Capt. Brett Crozier Is Man We Can Be Proud Of!

Thursday I wrote that Capt. Brett Crozier wrote a letter Navy leaders Monday pleading for additional help to combat the outbreak, which has sickened roughly 100 sailors on the aircraft carrier USS Theodore Roosevelt.

Today we see the reaction as the rank and file shouted their admiration for a boss they viewed as putting their safety ahead of his career.

This guy is a hero.

His removal from the prestigious command of an aircraft carrier with almost 5,000 crew members has taken on an added significance, as his punishment is viewed by some in the military as indicative of the government’s handling of the entire pandemic, with public officials presenting upbeat pictures of the government’s response, while contrary voices are silenced.

Meanwhile, Donald Trump, Mr. Bone Spur, is mocked nationally and scorned deeply.

Kennedy Family Faces Another Tragedy, America Shares In Grief

This blogging desk has always had a warm-heartedness for the Kennedy Family.  Over the decades they have been a part of our larger American Family.   The causes they have championed, the races they have run, the victories they have secured for people like you and me can never be disputed.

While we have read of the family since the 1930s and then watched them as television became a mainstay in homes around the nation, we have cheered at weddings and new births and share their pain and grief on days like this one.


The grandson and adult daughter of former Maryland Lt. Gov. Kathleen Kennedy Townsend are presumed dead after the pair’s canoe apparently capsized in the Chesapeake Bay, Townsend said Friday.

In a statement issued Friday night, Townsend said the search for her daughter, 40-year-old Maeve Kennedy Townsend McKean, and 8-year-old grandson, Gideon, was now a recovery effort.

“With profound sadness, I share the news that the search for my beloved daughter Maeve and grandson Gideon has turned from rescue to recovery,” Townsend said in the statement.

“Maeve was vivid. You always knew when she was in a room,” Townsend added. “Her laughter was loud, unabashed and infectious. She did everything with her full self and her whole heart.”

A Book About Abraham Lincoln As You Self-Distance

Reading, and loving, the first in a four-part volume of books about Abraham Lincoln. The difference in this series of books is because it is solely devoted to the political life of Abe, and takes us into the workings of the early years of Illinois politics, the Whig Party, and the internal struggles of Abraham himself, which ultimately makes the man. I would add the writing is superb.  Sidney Blumenthal is masterful at his craft. If you like history and if you love Abe, this book and series would be for you.


Letter From Home: “Hope” 4/3/20

It goes without saying there need to be moments in each of our personal lives that are truly uplifting in order to sustain us for the pandemic headlines that are simply dreadful.  This morning I awoke to the news from New Orleans, and it rips at the heart.  There are no words to adequately sum up the feelings of seeing so many infected and dying in one of our historic cities.

I ate a late breakfast Thursday, read the papers, had coffee and once fortified with carbohydrates and news of the day took to the lawn to continue springtime work.  Such activity allows my mind to calm down.  With my mp3 player lifting my spirits and putting a sprint in my steps the small tasks of the day were soon accomplished.  James and I had a splendid and productive outing.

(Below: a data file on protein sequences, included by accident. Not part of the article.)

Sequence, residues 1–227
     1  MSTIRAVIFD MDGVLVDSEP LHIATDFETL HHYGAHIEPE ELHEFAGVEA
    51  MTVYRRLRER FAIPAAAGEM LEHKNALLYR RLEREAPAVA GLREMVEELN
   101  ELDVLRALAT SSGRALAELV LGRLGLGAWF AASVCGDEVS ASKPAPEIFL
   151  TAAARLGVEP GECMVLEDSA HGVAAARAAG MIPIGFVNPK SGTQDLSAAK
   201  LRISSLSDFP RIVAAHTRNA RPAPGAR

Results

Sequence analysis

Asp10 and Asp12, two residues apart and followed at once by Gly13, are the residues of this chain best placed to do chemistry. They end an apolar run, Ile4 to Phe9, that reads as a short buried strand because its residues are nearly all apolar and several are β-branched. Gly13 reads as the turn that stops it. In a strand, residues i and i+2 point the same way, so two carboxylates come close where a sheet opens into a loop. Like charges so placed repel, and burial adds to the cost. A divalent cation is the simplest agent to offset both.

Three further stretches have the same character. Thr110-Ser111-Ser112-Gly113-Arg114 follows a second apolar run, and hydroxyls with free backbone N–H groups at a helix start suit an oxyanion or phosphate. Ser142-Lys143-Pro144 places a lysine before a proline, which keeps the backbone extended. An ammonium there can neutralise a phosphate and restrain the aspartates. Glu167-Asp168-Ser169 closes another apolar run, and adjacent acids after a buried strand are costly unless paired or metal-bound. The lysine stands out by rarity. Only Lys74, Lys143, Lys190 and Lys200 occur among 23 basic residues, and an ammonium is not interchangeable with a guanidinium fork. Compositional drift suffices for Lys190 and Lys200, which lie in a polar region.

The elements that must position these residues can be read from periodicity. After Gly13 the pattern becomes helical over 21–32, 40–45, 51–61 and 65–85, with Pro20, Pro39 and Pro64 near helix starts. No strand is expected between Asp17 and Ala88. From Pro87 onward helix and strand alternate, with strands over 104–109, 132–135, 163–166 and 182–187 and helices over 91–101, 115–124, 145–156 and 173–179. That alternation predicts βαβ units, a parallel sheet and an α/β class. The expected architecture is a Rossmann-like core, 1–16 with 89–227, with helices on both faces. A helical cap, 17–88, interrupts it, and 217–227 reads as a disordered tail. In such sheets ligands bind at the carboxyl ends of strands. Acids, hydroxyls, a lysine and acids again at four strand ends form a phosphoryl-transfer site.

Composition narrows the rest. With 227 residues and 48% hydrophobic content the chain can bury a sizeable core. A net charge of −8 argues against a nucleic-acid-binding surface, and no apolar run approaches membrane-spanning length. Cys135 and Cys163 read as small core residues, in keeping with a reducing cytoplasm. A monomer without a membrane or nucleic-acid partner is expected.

In this time of self-distancing, we now call a productive outing escaping to the lawn, flower beds, and area surrounding our home.  It is there that today we saw the exact opposite of what greeted us all when waking and turning on the news.  The new growth, small colorful blooms, rabbits about to give birth, daffodils just hours from showcasing their grandeur, robins tracking worms and carrying off dead grass for home-building, and a sun that rises higher and warms more deeply.  All those things I noted.

But they were more than noted, but rather allowed to really enter my senses and take hold.  I did not just glance at things but stared for a while at new blooms.  I even bent to the ground to find if the scilla had a scent.  They did not but the ground had a moist mulch-like smell.  In this time when it appears that the earth has wobbled on its axis, it seems essential to slow down and take stock of what we are appreciative of and note it.

There is no way to predict what is to happen tomorrow let alone make plans for August or the fall.  The big plans in life are on hold.   Folks wonder now about how to get groceries safely and make sure they have plastic gloves in the car so not to touch the gas nozzle when at the service station.

But even with so much that we are scared by, and stressed over concerning the headlines there is also hope to be seen, if we just look for it.  But once seeing it we also need to take the time to allow it to enter into our being.  The new flower shoots and animal activity give us a lesson that we need to grasp now more than ever before, as we have never in our lifetime lived an event as we are now doing.

But there is always hope.  We may not think we see it right now.  But the blooms that now appear were from plants under crunchy snow only weeks ago, and the rabbits were huddled under bushes trying to make it through bitterly frigid nights.  They are small examples of hope, perhaps.  But they convey a big and important message.

There is hope.  There is always hope for tomorrow.